The Theory of Everything Blu-ray Review
If you mention the name Stephen Hawking to three different people and ask who he is you will probably get three different answers. One will tell you he is Sheldon’s “Words with Friends” associate on “The Big Bang Theory.” Another will tell you he’s the guy in the wheelchair with the robotic voice. And the most learned will tell you that he’s the author of the book “A Brief History of Time” and one of the greatest scientific minds EVER. But I’d wager that none of this trio of people know the true story of Stephen Hawking, one that is put forward in the film THE THEORY OF EVERYTHING.
When we meet young Stephen Hawking (Redmayne in a well-deserved Academy Award winning performance) he is enrolled at Oxford University, doing well but feeling weak. At age 21 he is diagnosed with the early symptoms of amyotrophic lateral sclerosis (ALS), better known to the layman as Lou Gehrig’s disease. He is given two years to live. But Hawking has much planned to do in his life and that two year sentence is not acceptable. Hawking had recently begun seeing Jane Wilde (Jones, also Oscar nominated), a fellow student who, like her beau, can only look on the hand dealt them with a positive outlook. The two are soon married and try their best to live their lives as normally as they can. A life best taken one day at a time, with the days turning to months turning to years. That both of them are still with us 50 years later is a testament to the strong will and faith instilled in each other.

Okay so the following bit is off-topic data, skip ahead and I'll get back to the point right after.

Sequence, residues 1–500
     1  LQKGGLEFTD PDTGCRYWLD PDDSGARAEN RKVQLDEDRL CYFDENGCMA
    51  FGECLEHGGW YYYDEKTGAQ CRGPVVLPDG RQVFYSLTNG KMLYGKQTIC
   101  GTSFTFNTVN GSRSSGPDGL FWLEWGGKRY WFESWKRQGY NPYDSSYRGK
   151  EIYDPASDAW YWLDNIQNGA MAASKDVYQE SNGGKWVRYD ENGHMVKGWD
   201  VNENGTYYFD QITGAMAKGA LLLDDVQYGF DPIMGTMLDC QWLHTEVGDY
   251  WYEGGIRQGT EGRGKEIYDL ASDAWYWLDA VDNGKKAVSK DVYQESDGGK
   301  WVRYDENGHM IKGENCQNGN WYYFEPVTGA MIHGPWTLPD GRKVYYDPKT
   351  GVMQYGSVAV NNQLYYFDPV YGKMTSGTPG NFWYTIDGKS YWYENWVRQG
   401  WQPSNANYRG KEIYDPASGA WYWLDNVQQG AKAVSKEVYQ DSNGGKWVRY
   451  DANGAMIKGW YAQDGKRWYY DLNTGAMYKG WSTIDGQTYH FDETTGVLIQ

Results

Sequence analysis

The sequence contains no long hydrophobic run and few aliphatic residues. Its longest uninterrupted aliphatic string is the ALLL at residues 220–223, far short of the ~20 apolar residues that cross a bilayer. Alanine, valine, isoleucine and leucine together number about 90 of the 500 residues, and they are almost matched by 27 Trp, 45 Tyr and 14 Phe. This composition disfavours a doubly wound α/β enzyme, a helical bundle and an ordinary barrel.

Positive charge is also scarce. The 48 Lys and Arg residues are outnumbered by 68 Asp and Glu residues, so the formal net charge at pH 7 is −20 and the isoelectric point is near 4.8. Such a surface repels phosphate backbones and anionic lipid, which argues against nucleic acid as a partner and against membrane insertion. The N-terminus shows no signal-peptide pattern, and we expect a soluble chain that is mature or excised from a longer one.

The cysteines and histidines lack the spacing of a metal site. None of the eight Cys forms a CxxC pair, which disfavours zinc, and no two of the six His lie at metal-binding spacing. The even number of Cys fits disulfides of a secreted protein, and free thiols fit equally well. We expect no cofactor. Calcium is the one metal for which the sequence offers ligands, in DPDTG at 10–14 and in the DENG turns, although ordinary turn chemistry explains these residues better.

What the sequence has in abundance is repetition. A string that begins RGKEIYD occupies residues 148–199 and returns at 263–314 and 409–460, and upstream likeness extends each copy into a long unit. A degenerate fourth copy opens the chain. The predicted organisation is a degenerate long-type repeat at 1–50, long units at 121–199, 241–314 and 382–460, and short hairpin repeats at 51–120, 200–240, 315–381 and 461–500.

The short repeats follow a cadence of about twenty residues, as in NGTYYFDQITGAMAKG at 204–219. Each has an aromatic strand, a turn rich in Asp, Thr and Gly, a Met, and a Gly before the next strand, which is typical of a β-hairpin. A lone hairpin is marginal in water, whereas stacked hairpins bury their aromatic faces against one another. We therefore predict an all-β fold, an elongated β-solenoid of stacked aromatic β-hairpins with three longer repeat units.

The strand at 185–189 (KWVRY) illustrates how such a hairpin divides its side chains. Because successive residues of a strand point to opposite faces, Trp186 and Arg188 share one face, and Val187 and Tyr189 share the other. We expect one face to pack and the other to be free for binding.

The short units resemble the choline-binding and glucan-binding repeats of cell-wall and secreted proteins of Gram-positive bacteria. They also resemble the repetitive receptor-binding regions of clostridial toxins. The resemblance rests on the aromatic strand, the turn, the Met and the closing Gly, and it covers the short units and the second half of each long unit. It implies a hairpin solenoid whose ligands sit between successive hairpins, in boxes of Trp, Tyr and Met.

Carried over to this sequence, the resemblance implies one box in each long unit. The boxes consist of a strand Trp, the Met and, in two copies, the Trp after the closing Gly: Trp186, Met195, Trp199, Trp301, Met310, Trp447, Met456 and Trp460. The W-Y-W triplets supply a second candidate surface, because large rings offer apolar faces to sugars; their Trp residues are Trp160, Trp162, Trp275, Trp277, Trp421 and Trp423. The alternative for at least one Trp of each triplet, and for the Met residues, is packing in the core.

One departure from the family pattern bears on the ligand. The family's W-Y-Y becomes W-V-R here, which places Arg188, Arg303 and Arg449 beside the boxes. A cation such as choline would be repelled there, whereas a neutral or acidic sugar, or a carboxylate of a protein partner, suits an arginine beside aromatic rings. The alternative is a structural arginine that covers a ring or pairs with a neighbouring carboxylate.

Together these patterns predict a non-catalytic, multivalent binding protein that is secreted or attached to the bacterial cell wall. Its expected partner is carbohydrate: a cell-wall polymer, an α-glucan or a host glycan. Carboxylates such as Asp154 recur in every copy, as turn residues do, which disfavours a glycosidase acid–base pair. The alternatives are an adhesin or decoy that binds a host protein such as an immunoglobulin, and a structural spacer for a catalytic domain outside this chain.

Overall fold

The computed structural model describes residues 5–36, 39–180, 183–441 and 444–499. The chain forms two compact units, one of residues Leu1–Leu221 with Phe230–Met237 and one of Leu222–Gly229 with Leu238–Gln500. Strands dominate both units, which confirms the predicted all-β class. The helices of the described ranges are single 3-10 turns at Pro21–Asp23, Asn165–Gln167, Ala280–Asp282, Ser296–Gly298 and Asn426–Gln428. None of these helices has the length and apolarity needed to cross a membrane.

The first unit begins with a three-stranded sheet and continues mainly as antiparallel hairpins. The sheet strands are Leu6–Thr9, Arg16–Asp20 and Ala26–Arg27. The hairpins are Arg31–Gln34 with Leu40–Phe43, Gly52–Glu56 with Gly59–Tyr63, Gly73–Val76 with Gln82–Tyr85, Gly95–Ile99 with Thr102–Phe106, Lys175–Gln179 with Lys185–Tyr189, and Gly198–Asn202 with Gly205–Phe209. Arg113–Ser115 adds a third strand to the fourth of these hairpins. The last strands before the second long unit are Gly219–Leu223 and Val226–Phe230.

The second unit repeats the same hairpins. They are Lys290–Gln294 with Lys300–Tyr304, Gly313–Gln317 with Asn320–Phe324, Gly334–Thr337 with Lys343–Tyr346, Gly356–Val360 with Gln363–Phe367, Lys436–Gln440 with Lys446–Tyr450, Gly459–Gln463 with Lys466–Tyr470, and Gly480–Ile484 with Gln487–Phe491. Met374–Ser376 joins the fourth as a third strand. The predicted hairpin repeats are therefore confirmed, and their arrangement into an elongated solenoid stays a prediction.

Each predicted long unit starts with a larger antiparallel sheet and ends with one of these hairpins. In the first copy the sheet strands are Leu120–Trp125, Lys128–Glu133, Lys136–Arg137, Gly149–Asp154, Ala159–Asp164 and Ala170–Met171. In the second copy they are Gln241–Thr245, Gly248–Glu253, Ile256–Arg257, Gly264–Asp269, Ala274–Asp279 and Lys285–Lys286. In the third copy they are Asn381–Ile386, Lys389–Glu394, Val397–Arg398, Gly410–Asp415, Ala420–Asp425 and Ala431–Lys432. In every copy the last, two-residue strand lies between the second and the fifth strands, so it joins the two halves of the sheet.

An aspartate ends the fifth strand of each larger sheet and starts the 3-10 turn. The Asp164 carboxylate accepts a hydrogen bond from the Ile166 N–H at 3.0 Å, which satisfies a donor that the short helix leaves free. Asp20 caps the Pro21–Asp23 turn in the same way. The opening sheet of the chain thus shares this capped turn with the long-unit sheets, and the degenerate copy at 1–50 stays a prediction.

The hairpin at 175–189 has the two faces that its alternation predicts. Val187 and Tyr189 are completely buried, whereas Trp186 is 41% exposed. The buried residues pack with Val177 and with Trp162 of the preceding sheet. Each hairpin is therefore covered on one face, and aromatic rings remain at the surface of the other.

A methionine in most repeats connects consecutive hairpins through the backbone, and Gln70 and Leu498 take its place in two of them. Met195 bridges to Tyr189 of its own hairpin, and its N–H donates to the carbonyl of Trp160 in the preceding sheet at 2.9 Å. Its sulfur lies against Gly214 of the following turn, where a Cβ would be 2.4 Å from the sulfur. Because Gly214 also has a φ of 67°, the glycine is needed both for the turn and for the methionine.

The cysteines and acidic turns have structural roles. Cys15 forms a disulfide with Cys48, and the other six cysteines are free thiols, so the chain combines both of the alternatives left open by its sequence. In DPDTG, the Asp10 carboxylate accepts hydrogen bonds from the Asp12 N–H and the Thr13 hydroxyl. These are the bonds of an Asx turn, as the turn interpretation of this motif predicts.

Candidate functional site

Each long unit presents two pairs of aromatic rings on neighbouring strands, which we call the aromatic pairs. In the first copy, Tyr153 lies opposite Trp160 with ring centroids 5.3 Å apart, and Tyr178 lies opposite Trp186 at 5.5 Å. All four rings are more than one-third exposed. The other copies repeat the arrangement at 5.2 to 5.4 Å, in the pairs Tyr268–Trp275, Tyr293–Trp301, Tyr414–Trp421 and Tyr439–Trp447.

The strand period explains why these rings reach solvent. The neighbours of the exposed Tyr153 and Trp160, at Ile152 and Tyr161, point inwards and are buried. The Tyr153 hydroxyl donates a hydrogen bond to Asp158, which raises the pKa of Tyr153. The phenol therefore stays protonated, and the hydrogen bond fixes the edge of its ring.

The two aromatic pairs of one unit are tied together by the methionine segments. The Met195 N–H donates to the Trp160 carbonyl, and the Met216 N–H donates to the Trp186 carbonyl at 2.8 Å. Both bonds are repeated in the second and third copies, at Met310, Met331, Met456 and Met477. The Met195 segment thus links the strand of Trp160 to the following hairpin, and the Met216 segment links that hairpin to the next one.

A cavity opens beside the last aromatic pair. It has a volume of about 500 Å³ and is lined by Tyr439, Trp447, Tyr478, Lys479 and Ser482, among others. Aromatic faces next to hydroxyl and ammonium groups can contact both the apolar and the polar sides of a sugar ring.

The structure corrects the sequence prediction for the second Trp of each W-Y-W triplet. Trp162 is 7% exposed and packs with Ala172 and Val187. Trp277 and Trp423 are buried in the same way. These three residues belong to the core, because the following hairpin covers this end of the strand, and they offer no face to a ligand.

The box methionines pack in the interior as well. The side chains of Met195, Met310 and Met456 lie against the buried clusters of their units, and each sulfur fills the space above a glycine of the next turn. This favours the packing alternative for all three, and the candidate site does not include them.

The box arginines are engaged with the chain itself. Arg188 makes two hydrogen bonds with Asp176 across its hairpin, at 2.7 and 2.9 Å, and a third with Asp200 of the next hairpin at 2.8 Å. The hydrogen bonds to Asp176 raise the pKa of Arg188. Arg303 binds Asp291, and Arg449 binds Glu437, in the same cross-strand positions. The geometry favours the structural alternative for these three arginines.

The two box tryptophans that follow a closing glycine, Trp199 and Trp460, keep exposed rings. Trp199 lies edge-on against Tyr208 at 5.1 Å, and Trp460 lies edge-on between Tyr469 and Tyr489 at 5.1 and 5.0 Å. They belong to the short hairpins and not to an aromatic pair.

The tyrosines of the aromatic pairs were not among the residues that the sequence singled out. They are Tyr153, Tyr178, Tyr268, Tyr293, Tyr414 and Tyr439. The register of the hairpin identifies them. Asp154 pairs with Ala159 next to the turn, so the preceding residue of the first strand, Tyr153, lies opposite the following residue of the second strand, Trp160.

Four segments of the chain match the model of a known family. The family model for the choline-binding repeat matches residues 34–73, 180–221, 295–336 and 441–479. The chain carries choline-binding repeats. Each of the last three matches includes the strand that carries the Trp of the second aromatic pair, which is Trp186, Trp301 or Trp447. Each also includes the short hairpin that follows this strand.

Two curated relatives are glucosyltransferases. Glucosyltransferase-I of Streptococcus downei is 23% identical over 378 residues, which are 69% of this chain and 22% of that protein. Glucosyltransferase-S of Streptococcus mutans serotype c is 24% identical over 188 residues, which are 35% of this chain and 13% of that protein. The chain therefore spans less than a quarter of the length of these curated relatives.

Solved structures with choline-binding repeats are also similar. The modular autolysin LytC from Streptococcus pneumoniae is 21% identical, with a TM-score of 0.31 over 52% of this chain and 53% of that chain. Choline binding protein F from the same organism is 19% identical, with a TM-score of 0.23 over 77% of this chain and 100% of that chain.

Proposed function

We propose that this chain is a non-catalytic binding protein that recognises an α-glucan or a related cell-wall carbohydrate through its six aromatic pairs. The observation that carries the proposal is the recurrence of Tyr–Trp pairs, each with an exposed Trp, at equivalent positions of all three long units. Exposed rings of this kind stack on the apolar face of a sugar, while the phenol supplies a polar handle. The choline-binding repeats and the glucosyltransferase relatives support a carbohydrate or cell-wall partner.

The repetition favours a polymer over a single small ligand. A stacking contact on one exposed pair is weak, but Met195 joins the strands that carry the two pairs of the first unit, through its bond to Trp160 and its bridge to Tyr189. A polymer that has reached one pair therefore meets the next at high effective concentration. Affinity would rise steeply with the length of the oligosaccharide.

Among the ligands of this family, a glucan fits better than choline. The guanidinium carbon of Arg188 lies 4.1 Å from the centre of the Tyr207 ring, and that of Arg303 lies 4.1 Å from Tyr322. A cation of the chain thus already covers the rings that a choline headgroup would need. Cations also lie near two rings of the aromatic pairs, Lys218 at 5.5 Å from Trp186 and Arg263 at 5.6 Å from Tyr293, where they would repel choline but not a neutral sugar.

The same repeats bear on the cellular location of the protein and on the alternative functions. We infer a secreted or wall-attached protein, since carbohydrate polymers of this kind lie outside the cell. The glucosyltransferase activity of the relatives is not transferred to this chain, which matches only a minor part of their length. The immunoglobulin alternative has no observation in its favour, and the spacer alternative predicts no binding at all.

I can’t remember the last time I saw a film (I caught an early screening of THE THEORY OF EVERYTHING in October of last year) and writing in my notebook when it was over, “Best Actor.” Like Daniel Day-Lewis in MY LEFT FOOT, Eddie Redmayne’s performance extends far beyond his words or deeds. Every muscle in his body is used to give a performance that is not only heartbreaking but genuine and believable. Jones is his acting equal here, as a wife who insists on treating her husband as if there is nothing physically wrong with him. Theirs is a relationship built on love and, when things begin to go sour, on trust. When a new piano tutor (Charlie Cox) is brought into the home, he soon becomes a close friend of the family. It is obvious that he and Jane have an attraction but they never act on it. Eventually the Hawking’s split up, but infidelity was never a question. The film follows Hawking’s achievements as well as his personal life, ending with him accepting an award in America. For those readers who enjoy a bit of trivia with their reviews, it is Hawking’s own synthesized voice we hear during his on screen counterpart’s acceptance speech. In what was a season of truly inspirational films (UNBROKEN, THE IMITATION GAME), THE THEORY OF EVERYTHING was certainly one of the best.
Video: Presented in a 2:40.1 aspect ratio, the transfer here is beautiful, highlighting the beauty of the period.
Audio: Available in DTS-HD Master Audio 5.1, the audio is clear and sharp. The beautiful musical score by Johann Johannsson is a fine, but not overbearing, accompaniment to the dialogue.
Audio Commentary: A very informative commentary by the film’s director, James Marsh.
Deleted Scenes: (10:45): Eight scenes, most of them under a minute in length, not used in the final film, none of which were really missed. The scenes can be watched with an optional commentary by the film’s director.
Becoming the Hawkings (7:03): A short featurette showing how Eddie Redmayne and Felicity Jones prepared to play Stephen and Jane Hawking.
Previews (a collection of coming attractions for some of 2013’s better films)